Thursday, July 1, 2010

Conrad's Fate by Diana Wynne Jones

Conrad’s Fate is the only one of the Chrestomanci books that I had never before read and since it includes my favorite character in the series, Christopher Chant, I was really excited to finally read it.

Conrad Tesdinic lives in the mountain village of Stallchester, in the English Alps, along with his mother, uncle and sister. Ever since he was a young child Conrad has been warned by his uncle that he possesses bad karma, from an important deed left undone in a previous life, and this is the reason for any unpleasantness in his life. After graduating from school Conrad is eager to continue his education at Stall High with his friends, but his uncle puts an abrupt halt to Conrad’s plans by insisting that instead his goes to work as a servant at the Stallery Mansion.

According to Conrad’s uncle, the person responsible for his bad karma resides at Stallery and if Conrad does not eliminate them by the end of the year, he will die.
Frightened into compliance, Conrad makes his way to Stallery to apply for a position there. Upon arrival he makes the acquaintance of another boy, Christopher, who arrives at the mansion in a gypsy caravan, impeccably dressed and fully determined to be hired on as a footman at the Mansion.

Thrown together as trainees for the same job position, Conrad and Christopher quickly become friends. And soon they each discover that the other is there under false pretenses. Each of them has a mission to accomplish at Stallery and it’s only with each others help that they may succeed.

Conrad’s Fate is a cute book which includes many of those themes that readers of Jones’s books will recognize, including negligent parents, scheming adults and a boy ignorant of his own magical talent. But even though many of the books by Diana Wynne Jones do have certain reoccurring themes, she somehow manages to make the central character in each of them completely unique and memorable.

Conrad is a very appealing protagonist and the fact this his story is told in the first person makes it particularly easy to empathize with him. Though what I especially enjoyed was getting to know Christopher Chant, the future Chrestomanci, as a fifteen year old boy and viewing him from Conrad’s prospective. Conrad’s irritation at Christopher’s superior manner is amusing, and one of my favorite parts is when he and Millie are gossiping together about how annoying Christopher can be.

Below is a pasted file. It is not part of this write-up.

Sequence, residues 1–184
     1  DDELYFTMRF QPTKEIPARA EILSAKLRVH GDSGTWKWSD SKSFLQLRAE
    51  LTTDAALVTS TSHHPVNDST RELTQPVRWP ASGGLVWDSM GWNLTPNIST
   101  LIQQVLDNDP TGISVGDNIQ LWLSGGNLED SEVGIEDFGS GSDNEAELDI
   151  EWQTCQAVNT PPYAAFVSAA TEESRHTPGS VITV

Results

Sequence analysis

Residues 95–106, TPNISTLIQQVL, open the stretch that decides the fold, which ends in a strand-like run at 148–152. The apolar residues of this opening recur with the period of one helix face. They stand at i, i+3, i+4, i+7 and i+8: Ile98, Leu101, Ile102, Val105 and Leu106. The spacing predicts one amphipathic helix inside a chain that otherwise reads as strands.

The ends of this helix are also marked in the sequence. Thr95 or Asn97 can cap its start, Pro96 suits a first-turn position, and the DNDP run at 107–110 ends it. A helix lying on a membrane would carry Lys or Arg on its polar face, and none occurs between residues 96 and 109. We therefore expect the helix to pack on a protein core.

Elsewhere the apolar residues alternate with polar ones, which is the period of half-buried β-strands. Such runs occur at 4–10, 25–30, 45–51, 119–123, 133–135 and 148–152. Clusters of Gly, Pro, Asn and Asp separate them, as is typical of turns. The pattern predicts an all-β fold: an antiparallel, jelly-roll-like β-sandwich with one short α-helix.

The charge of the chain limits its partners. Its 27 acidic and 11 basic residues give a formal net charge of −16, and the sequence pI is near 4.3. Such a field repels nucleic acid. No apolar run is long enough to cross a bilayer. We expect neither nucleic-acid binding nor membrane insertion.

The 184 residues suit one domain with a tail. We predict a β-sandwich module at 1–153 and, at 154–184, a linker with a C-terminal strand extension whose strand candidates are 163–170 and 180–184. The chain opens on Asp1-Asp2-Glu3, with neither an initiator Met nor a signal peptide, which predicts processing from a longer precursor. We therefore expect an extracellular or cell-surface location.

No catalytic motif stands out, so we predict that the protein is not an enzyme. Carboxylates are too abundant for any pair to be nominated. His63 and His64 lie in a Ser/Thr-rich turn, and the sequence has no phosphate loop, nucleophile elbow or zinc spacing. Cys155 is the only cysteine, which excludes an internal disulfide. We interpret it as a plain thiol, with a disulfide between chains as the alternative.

He would keep calling me Grant in that superior way, and there were times when I wanted to hit him for it, or shout that it was only my alias, or—anyway, he really annoyed me. Then he would say something that doubled me up with laughter, and I discovered I liked him again. It was truly confusing.

I said... “He’s far too fond of his own way. And the way he makes superior jokes all the time—I want to hit him!”
“Oh, doesn’t he just!” Millie said.
After that…we both tore Christopher’s character to shreds. It was wonderful fun.


And while many of Jones’s fans will probably be picking up this book largely because it features Christopher Chant, they will find that Conrad himself is an interesting, well-drawn character worthy of standing on his own.

I do have to admit though that the story itself didn’t engage me as much as those told in the other books in the series. I just didn’t find it to be as interesting. I also think that if I had read this book when I was younger I would have found all the talk about alternate probabilities to be very confusing. But ultimately I was satisfied with the book since it gave me the chance to spend more time with Christopher Chant and Millie, and also introduced some new interesting characters. And unlike in many of the other books in the series, I felt like the events here were tied up neatly in the end, giving readers the satisfaction of knowing where the characters eventually end up.

If you have already read and enjoyed the other books in the Chrestomanci series then you will most likely want to read Conrad’s Fate as well. But if you are new to these books then this would not be the best place to start reading and I suggest you pick up Charmed Life first.


2 comments:

I like the cover on yours! I like it better than the cover I've got, actually...is yours the paperback?

Yes, it's available at the Book Depository for $6.84. Though to be honest, none the covers of the Chrestomanci books really thrill me.

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